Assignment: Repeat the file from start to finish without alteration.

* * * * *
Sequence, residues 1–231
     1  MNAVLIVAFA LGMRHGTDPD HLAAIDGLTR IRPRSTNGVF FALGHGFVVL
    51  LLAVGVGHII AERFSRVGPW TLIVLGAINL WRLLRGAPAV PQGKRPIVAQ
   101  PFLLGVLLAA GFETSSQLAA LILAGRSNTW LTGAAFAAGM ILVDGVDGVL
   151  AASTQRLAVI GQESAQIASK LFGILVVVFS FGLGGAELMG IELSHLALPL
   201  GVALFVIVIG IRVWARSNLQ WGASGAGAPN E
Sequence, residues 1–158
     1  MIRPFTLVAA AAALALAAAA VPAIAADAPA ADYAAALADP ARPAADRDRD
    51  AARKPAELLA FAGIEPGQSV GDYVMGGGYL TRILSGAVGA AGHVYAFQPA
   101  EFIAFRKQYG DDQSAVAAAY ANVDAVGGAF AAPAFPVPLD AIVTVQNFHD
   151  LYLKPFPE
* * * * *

Sequence, residues 1–231
     1  MNAVLIVAFA LGMRHGTDPD HLAAIDGLTR IRPRSTNGVF FALGHGFVVL
    51  LLAVGVGHII AERFSRVGPW TLIVLGAINL WRLLRGAPAV PQGKRPIVAQ
   101  PFLLGVLLAA GFETSSQLAA LILAGRSNTW LTGAAFAAGM ILVDGVDGVL
   151  AASTQRLAVI GQESAQIASK LFGILVVVFS FGLGGAELMG IELSHLALPL
   201  GVALFVIVIG IRVWARSNLQ WGASGAGAPN E
Sequence, residues 1–158
     1  MIRPFTLVAA AAALALAAAA VPAIAADAPA ADYAAALADP ARPAADRDRD
    51  AARKPAELLA FAGIEPGQSV GDYVMGGGYL TRILSGAVGA AGHVYAFQPA
   101  EFIAFRKQYG DDQSAVAAAY ANVDAVGGAF AAPAFPVPLD AIVTVQNFHD
   151  LYLKPFPE